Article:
Another aspect of being unskilled in a marriage has more to do with keeping a family together. In most families the husband it still expected to be the primary earner, there are circumstances that may require the wife to re-enter the workforce. I have seen a number of families where the husband has lost his job. A woman who is skilled or well-educated may be able to replace enough (if not more) of the lost income and still allow a parent to stay home. If her priority is still to stay with the children, she is more likely to be able to earn enough part-time to help. There are some jobs that are flexible enough to allow a woman to work from home or even after hours without requiring a large time commitment. This could be a permanent change or just something that allows the family to weather a rough patch intact.
Ultimately, I feel it can only improve a woman's chances in life to be fully prepared to take care of herself and her family through bringing home a paycheck. Even if she chooses to dedicate her life as a stay-at-home-mother, I believe having a choice is the most important part. Being well-educated enough to support a career (especially with a college education or even college preparatory) will benefit a dedicated wife and mother in a myriad of ways; choosing medical care for her children or choosing educational options for example. Many people without a college education do these things quite competently and many people with a college education mess it up. Less education requires a larger learning curve that I feel is easier to address as part of a generalized curriculum as a young adult. More education is better.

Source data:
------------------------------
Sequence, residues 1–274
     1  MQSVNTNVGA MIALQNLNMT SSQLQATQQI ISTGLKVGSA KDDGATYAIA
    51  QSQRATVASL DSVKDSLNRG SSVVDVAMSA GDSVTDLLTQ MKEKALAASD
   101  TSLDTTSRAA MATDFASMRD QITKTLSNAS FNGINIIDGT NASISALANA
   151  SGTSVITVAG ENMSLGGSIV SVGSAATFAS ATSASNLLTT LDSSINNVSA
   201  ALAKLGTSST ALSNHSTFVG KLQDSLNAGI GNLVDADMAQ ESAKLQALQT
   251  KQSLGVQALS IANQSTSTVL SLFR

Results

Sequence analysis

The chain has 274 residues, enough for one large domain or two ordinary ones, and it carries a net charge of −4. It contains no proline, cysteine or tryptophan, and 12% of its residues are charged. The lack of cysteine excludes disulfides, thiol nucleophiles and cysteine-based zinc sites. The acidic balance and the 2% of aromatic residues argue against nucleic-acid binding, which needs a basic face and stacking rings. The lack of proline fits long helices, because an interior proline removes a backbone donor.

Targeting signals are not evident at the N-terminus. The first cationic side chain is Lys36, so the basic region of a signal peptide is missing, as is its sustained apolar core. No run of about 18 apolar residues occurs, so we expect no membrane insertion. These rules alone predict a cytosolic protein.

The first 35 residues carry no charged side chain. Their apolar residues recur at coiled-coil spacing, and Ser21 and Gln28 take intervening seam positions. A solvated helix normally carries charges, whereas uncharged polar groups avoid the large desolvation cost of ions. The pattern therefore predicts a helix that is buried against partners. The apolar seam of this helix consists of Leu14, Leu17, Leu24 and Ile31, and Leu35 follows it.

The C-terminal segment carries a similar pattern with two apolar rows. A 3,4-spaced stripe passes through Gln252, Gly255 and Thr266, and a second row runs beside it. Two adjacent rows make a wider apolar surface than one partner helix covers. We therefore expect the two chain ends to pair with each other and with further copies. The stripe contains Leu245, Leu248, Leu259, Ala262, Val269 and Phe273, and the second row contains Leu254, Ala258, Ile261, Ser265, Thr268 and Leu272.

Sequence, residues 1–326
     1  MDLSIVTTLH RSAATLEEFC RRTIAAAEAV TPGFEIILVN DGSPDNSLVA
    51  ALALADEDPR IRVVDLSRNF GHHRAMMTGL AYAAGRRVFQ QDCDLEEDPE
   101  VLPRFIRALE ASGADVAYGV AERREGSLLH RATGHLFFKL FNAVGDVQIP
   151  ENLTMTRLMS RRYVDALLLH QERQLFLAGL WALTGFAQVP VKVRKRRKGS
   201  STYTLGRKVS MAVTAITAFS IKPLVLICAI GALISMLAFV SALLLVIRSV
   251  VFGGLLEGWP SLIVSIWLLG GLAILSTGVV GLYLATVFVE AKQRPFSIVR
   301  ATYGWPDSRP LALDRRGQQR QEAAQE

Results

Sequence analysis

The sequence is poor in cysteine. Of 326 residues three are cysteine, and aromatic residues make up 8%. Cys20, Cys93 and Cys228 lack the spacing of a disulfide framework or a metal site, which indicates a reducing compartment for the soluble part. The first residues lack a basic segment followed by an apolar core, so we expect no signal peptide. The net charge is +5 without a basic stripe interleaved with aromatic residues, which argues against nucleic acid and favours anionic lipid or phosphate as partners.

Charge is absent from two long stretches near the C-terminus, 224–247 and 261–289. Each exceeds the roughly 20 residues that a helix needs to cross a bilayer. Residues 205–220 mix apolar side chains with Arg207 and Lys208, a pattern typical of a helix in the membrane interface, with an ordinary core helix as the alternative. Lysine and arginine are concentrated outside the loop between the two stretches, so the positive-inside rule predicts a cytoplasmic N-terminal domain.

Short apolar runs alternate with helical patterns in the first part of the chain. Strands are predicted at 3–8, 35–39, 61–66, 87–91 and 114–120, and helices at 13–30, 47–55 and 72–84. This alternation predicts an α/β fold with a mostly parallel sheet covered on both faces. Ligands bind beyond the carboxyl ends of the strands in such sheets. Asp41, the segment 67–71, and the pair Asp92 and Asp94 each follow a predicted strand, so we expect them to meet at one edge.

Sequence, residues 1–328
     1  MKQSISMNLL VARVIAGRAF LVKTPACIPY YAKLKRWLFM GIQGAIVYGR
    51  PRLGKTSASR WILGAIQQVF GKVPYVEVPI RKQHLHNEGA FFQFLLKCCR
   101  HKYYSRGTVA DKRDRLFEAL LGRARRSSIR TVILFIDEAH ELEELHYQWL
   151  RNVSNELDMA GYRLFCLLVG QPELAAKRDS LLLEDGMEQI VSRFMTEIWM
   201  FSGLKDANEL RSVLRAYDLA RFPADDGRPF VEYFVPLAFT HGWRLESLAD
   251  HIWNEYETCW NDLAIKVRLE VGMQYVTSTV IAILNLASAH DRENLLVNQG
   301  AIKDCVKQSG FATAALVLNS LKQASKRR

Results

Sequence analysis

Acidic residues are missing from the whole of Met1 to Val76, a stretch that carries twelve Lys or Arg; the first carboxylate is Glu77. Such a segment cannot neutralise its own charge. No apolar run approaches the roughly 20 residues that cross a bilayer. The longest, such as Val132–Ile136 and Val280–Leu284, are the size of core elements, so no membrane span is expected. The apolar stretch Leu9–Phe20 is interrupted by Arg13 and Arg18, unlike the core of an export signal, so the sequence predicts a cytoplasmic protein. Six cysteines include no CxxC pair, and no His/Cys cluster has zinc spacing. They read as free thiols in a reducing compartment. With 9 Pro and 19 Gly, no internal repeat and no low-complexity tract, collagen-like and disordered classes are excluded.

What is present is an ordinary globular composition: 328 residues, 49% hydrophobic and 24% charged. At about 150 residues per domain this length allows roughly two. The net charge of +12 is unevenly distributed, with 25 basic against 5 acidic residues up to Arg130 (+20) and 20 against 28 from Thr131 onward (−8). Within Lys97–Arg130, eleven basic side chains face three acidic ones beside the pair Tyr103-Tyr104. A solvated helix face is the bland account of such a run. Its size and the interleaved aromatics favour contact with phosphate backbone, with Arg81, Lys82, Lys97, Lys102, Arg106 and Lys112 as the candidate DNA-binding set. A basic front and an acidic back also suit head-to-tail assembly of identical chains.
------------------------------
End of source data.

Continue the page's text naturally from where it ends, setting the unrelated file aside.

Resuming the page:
Older children need to become responsible for their own choices as they get older, as well. In my opinion, adults can help those choices be the ones that properly prepare them for life on their own when we emphasize education and training for a career (in trades or professionally) for all of our children.
Here are the topics covered:
What is matter? Anything the has weight and can be seen or touched, like a book, ice cream, air, water, moon, stars. There are things that are not matter: heat, radio waves, ideas, and feelings for instance.
What are the three states of matter? Can something change from one state to another? Matter can be solid, liquid, and gas. (We'll introduce colloids later, right?) Showing ice, to water, to steam is a great way to show matter changing state. Dry ice with hot water poured over it is a great way to show a solid changing to gas. The bubbles in soda or sparkling water are another example of carbon dioxide gas.
What is a chemical element? A part so simple it cannot be divided into simpler parts. No matter how much alchemists tried to break some metals down even further, they saw that they never changed. Gold, silver, copper, iron, lead, tin are examples.